Ph.D. Dissertation Defense - Wenjing Su

Event Details

Friday, February 16, 2018

1:00pm - 3:00pm

Room 509, TSRB

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Event Details

TitleAdditively Manufactured Reconfigurable Microwave Components based on Microfluidics for Wireless Sensing and Internet-of-things Applications


Dr. Manos Tentzeris, ECE, Chair , Advisor

Dr. Fatih Sarioglu, ECE

Dr. Andrew Peterson, ECE

Dr. Benjamin Cook, TI

Dr. Jiang Zhu, Google

Dr. Luca Roselli, Univ of Perugia


This research combines additive manufacturing and microfluidics with microwave and radio frequency (RF) electronics to provide a novel low-cost flexible and reconfigurable solution for Internet-of-Things (IoT). Microfluidics, an emerging technology which allows the precise control of an extremely small amount of liquid within tiny channels, can be used in IoT applications to achieve Lab-on-Chip (LoC) functionality and an extraordinary reconfigurability. Microwave structures are very sensitive to the surrounding environment and thus excellent sensors, while passive radio frequency identification (RFIDs) provide low-cost zero-power solutions for wireless liquid sensing. This work has developed various proof-of-concept disposable wireless liquid sensors and RFID-based sensing platforms for LoC applications. To realize excellent reconfigurability low-costly and compactly, this research also has studied new reconfigurable RF integration topologies by integrating microfluidic channels and dielectric or conducting liquids. In order to significantly decrease the production time and cost, and thus to enhance the ubiquitous smart items, this research studied additive manufacturing (AM) in IoT applications. This research has been exploring the possibility of replacing the conventional electronics and microfluidics fabrication methods with cost-effective additive manufacturing methods such as inkjet-printing and 3D printing. This work presents first-of-its-kind, cost-effective, rapid, low-temperature, and environmental-friendly AM fabrication methods for various reconfigurable antennas or microwave components, wearable sensors, and sensing platforms. In summary, this research focuses on utilizing new AM fabrication techniques and novel microfluidics topologies to provide a low-cost, flexible, and scalable solution for wireless sensing and IoT applications.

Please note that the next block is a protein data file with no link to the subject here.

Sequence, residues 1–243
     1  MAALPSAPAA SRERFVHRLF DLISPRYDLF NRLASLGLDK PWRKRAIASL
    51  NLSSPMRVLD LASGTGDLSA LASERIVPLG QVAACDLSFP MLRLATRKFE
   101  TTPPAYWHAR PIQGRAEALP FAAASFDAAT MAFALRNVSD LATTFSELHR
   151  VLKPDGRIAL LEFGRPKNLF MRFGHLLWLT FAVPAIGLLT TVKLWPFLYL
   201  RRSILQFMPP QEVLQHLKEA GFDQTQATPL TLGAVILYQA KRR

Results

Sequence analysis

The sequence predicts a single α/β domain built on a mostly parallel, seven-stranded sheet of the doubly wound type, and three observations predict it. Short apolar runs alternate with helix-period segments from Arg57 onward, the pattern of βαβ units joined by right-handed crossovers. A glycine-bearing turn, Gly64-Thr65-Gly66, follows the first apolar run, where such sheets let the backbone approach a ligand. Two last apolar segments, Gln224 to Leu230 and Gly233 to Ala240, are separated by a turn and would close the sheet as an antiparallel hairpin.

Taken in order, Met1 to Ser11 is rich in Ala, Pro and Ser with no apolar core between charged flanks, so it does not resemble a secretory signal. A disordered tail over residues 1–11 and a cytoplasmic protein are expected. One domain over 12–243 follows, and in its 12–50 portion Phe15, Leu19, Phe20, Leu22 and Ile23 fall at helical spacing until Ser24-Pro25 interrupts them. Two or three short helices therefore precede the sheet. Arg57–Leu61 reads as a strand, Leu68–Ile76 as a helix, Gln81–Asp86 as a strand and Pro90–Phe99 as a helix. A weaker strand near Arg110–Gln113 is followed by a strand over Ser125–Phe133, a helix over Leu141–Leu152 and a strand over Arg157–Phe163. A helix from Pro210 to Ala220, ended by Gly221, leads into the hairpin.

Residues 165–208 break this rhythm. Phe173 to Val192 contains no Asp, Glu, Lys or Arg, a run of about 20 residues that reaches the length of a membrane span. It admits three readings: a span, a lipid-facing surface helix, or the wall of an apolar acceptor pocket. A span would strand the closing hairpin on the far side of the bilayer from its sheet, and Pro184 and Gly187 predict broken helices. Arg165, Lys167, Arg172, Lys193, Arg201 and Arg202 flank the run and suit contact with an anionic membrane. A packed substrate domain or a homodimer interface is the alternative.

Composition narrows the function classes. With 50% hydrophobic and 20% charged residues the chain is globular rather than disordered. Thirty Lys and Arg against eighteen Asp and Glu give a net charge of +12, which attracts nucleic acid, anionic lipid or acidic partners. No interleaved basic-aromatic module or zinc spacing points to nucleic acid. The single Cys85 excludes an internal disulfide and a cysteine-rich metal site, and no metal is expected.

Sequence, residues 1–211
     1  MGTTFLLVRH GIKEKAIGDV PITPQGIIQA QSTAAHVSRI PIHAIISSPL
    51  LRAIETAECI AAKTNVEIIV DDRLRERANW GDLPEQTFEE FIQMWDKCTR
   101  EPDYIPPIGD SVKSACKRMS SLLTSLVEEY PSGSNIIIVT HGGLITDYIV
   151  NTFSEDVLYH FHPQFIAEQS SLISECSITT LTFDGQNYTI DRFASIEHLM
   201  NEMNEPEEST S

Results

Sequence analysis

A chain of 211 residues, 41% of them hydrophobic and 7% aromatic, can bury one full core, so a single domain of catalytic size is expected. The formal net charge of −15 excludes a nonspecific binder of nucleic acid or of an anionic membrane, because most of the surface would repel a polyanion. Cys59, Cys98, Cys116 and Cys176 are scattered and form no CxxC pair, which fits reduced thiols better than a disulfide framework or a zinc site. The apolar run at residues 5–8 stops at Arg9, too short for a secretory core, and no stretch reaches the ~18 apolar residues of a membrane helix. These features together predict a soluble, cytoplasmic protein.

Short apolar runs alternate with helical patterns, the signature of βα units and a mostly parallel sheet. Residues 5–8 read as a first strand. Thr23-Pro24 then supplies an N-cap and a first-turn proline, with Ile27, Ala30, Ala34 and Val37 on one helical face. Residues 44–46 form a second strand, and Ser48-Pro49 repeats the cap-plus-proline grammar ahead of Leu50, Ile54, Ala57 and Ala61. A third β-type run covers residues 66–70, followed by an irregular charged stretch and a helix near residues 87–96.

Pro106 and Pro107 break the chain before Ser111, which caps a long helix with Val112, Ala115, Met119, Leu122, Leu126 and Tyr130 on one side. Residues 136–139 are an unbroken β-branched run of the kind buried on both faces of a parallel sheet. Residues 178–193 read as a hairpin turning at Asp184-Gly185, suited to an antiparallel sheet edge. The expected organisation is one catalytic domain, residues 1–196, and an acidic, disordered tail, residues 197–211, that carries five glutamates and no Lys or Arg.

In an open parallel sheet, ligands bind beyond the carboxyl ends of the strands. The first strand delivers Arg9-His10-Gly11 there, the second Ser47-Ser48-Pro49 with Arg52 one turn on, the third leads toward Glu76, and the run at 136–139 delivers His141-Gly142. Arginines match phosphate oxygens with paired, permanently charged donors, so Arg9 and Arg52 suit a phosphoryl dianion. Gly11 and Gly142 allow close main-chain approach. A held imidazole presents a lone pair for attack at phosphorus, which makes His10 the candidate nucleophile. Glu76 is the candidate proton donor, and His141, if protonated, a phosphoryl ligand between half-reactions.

Last revised February 8, 2018